Casualties of Progress:
Personal Histories from the Chemically Sensitive

by Alison Johnson

With a Foreword by Gunnar Heuser, M.D., Ph.D.

Cumberland Press
Brunswick, Maine
1999     276 pages

$14.99
(Or order by mail)


This collection contains the personal histories of 57 people with MCS. One story comes from a nurse who won a case with her state Human Rights Commission concerning a series of e-mails that fellow employees sent each other to plan to all wear heavy amounts of perfume on a designated day and to spray perfume in the bathroom and stairway she would use.


 
"The book is next to impossible to put down. These chronicles of courage, caring, injustice, suffering, persistence, and triumph are told in such depth and with such honesty that their truth is unmistakable. They are truly tales to open eyes and hearts."
  Lynn Lawson, Author, Staying Well in a Toxic World


Selected passages from the stories:

I remember when I met my new attorney in December 1998, I asked him what they pay someone who loses a limb on the job. He told me. Then I asked him what they do for someone with an amputated life.
-Lizbeth, Computer Systems Engineer
 
Just last week I started to read a magazine, and it turned out it had a perfume strip in it. I got nauseated immediately and got a headache; I felt so sick I had to go to bed. The next morning I was still nauseated and was wheezing, so I had to go to the hospital. They kept me there a couple of days.
-Terry, ex-marine with Gulf War syndrome
 
I can no longer keep a cherished dog or go to a concert or joyfully join in fun and games. I haven’t done much of anything in four and a half years except lie around a lot and try any medication, treatment, or protocol that holds promise. This is a reality understood only by those who have experienced it. Those who have no such experience may or may not be sympathetic, but by and large they have their doubts. I know these doubts because when I practiced law I had a client whose case rested on whether she really suffered from chronic fatigue syndrome. I knew she was suffering, but at the same time I always felt she could pull out of it if only she would tug harder at those proverbial bootstraps. Believe me, bootstrap yanking doesn’t work. I’ve tugged at everything I could get my hands on, and such tugging often only makes matters worse.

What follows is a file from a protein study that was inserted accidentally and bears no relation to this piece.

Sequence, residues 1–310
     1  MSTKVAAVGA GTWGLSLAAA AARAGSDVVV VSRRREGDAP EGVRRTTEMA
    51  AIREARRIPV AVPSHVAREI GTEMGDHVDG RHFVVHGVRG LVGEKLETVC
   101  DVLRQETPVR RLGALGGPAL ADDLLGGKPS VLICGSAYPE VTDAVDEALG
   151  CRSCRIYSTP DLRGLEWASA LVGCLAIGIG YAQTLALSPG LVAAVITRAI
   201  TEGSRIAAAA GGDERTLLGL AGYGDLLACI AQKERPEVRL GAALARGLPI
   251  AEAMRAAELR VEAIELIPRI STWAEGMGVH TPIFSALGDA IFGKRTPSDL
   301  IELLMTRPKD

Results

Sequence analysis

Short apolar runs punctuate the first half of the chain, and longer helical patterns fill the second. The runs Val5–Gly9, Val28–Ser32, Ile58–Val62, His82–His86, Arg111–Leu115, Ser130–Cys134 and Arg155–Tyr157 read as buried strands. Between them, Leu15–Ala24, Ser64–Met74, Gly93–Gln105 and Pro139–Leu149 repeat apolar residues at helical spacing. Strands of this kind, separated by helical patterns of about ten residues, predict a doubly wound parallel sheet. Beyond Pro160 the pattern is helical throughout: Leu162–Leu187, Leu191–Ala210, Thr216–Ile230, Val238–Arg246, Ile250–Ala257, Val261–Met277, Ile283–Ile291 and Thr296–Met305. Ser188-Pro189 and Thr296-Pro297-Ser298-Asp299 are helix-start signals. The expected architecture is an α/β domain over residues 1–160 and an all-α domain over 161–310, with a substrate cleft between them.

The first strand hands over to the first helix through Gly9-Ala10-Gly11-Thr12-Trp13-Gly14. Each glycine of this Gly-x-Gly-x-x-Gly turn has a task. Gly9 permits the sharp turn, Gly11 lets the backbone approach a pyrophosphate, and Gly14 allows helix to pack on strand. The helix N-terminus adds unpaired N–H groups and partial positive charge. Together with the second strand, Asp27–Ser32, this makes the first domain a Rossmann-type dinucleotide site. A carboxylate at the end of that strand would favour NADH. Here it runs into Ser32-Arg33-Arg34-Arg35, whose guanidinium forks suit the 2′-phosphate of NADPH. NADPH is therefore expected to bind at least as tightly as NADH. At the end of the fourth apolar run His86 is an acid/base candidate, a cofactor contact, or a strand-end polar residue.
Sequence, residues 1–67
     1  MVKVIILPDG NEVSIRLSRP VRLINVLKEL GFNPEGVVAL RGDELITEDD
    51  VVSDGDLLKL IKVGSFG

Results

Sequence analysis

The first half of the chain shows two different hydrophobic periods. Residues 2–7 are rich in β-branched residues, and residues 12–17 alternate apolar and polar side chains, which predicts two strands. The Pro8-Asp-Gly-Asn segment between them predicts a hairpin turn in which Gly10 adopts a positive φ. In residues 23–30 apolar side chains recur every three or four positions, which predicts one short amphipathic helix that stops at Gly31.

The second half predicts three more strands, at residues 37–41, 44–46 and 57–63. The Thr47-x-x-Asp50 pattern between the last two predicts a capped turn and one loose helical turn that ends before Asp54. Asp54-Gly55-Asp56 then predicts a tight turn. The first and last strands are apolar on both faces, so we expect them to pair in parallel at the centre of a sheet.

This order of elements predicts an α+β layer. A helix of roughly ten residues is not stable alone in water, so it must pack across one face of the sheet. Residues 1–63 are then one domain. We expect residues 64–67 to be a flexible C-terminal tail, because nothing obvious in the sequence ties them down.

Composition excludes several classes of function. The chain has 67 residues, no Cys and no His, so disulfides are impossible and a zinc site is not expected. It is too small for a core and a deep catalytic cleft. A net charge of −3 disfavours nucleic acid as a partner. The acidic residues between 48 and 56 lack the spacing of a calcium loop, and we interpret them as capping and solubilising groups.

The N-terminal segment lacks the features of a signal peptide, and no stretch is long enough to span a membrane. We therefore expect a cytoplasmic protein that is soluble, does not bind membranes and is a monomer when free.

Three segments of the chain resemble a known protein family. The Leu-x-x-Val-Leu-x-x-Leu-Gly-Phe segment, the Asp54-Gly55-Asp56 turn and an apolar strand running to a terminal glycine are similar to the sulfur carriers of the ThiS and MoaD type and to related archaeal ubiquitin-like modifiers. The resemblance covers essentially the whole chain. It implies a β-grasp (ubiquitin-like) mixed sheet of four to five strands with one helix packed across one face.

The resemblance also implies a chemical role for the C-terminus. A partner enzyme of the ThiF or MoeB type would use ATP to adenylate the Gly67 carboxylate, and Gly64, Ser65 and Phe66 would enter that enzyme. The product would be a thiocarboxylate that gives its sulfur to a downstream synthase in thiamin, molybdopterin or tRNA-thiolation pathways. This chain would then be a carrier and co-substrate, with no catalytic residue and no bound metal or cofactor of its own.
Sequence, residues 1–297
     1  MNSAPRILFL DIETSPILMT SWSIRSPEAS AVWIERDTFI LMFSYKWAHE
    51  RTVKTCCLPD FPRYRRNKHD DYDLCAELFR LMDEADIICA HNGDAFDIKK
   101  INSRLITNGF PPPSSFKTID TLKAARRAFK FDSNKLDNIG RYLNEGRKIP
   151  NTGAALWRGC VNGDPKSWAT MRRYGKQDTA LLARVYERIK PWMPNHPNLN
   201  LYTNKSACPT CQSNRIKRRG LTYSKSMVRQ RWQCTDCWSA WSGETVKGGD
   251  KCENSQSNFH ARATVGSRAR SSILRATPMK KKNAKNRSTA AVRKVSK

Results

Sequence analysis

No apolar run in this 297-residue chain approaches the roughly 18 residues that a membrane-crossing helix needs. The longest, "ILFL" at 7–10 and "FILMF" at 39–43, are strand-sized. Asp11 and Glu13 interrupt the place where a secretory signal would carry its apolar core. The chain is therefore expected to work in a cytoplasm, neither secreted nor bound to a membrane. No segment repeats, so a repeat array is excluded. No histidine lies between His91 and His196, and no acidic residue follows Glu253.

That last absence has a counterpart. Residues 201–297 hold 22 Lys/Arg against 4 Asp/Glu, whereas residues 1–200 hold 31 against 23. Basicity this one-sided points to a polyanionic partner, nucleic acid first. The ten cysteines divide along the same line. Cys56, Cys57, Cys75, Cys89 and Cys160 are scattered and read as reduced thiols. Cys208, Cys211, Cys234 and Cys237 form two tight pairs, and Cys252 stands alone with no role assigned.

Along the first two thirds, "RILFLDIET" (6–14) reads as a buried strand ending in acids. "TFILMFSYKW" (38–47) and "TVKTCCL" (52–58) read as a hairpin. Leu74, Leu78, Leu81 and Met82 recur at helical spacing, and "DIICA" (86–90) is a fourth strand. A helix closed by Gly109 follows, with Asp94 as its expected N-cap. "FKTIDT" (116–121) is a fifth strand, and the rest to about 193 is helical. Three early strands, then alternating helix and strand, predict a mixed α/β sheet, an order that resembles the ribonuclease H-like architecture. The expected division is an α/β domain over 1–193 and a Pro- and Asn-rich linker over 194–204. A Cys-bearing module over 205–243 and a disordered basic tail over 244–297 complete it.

-Rand, lawyer
 
I once read a study that said the average American spends 98% of the day inside. I’ve reversed that proportion and spend 98% of my time outdoors, sleeping on my patio and cooking there on a hot plate. I use my house as an oversized closet, storage area, and bathroom. I’ve been basically living outdoors for twenty years now.  I have been told that early retirement is the American dream. Early retirement because of disability and a chronic, progressive illness is nothing but a bad dream, involving the loss of family, home, career, friends, mobility, income, and one’s health–almost everything one holds precious.
-John, college professor

 

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Alison Johnson and mail to:
Alison Johnson
4 Wren Drive
Topsham, ME 04086